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Rewards checking accounts: What they are and what to watch for

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woman shopping online with a credit card
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A traditional checking account is a useful tool for paying bills, buying necessities and transferring funds between accounts. A rewards checking account goes one step further by making those day-to-day tasks a bit more satisfying by adding perks, such as cash back on purchases made using a debit card.

Some rewards checking accounts also pay interest, earning you a bit of money each month, depending on the account balance, or reimburse out-of-network ATM fees — or offer a combination of cash back, interest and ATM rebates.

Regular checking accounts, meanwhile, typically pay no or very little interest, and don’t reimburse ATM fees or offer cash back.

Consumers who make frequent purchases using a debit card are good candidates for a rewards checking account, provided the account has a cash back program. Fees are another important consideration. A rewards checking account that also charges a monthly fee reduces the potential amount you can earn through cash back or interest accrued.

Best rewards checking accounts

The best rewards checking accounts give you either cash back on debit card purchases or a high APY on balances.

Bank Cash back APY
Discover Bank Cashback Debit account 1% cash back on up to $3,000 in debit card purchases each month N/A
LendingClub Bank Rewards Checking 1% cash back on debit-card purchases 0.15%*
Meriwest Smart REWARDS Checking N/A 2% on balances up to $15,000
All America Bank Ultimate Rewards Checking N/A Up to 0.70%
USAA Cashback Rewards Checking** 10 cents for each qualified purchase N/A

*APY paid on balances of $100,000 or more; balances of more than $2,500 and less than $100,000 earn 0.1 percent APY.

**The USAA Cashback Rewards Checking account is available to residents of Alabama, Arkansas, Arizona, Colorado, Connecticut, Florida, Georgia, Hawaii, Idaho, Illinois, Indiana, Kansas, Louisiana, Maryland, Michigan, Minnesota, Montana, North Dakota, New Mexico, Nevada, New York, Oregon, Pennsylvania, Rhode Island, South Carolina, Tennessee, Texas and Washington.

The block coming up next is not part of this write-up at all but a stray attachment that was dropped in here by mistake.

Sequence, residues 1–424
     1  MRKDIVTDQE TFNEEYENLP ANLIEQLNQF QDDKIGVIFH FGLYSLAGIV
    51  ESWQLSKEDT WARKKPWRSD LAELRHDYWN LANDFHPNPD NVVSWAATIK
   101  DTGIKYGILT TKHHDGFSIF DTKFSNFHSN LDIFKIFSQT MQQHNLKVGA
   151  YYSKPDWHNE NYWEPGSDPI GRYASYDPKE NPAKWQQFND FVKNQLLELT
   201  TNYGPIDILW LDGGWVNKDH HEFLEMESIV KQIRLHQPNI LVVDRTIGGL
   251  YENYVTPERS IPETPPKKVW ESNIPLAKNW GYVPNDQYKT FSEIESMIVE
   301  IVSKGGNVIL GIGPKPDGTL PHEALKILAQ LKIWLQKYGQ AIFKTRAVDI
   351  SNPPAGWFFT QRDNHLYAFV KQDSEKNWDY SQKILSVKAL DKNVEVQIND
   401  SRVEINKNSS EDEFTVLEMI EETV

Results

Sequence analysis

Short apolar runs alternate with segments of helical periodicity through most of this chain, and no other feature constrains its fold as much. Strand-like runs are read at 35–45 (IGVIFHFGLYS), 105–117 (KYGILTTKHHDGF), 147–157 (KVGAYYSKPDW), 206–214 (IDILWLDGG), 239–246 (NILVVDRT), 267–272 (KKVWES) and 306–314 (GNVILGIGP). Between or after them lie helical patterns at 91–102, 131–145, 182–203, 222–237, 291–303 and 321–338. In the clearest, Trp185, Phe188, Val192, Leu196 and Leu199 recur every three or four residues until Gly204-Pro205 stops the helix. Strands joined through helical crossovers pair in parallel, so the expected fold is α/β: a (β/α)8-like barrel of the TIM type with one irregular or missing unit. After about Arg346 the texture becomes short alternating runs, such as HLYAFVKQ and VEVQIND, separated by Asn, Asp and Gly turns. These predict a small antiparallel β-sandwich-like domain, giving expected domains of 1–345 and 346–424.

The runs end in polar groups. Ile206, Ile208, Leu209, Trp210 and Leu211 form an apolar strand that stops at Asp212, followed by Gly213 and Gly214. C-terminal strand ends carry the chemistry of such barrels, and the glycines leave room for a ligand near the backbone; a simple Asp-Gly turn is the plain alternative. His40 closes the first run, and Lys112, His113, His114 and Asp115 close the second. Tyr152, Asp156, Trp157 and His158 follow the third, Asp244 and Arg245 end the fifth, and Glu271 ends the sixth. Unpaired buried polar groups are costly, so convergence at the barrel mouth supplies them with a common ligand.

Pros of using a rewards checking account:

  • Cash back: A rewards checking account can put money back in your pocket each month when you make purchases using a debit card.
  • No annual fee: Rewards checking accounts typically charge no annual fee, unlike some credit cards that also offer cash back.
  • Earn interest: Some rewards checking accounts pay interest on the monthly balance, providing you with another form of cash back

Cons of using a rewards checking account:

  • Limits on perks: Some rewards checking accounts put a cap on the amount of cash back that can be earned. Some accounts pay competitive annual percentage yields (APYs) on balances only up to a certain balance, above which the APY paid is significantly lower.
  • Better perks elsewhere: Some credit cards may offer a higher amount of cash back than a rewards checking account.
  • Barriers to entry: A rewards checking account may require a higher minimum balance than other accounts or require direct deposit. Also, the rules for earning perks aren’t always easy to understand and can be confusing.
  • Fees: Like all banking products, a rewards checking account may charge fees, including a monthly maintenance fee. Some accounts charge no fees or offer ways to easily avoid them, so it pays to shop around.
  • Credit cards offer better purchase protections: The liability for not reporting an unauthorized debit card transaction within two business days could cost you up to $500, but for credit card purchases, the maximum liability is $50.

Bottom line

Consumers looking to earn cash back on day-to-day purchases using a debit card are good candidates for a rewards checking account. Accounts that pay interest and reimburse ATM fees may provide additional ways to earn and/or save money. What’s more, some banks offer an account bonus for opening a rewards checking account, providing yet another way to put some cash back into your pocket.

Written by
Matthew Goldberg
Consumer banking reporter
Matthew Goldberg is a consumer banking reporter at Bankrate. Matthew has been in financial services for more than a decade, in banking and insurance.
Edited by
Banking editor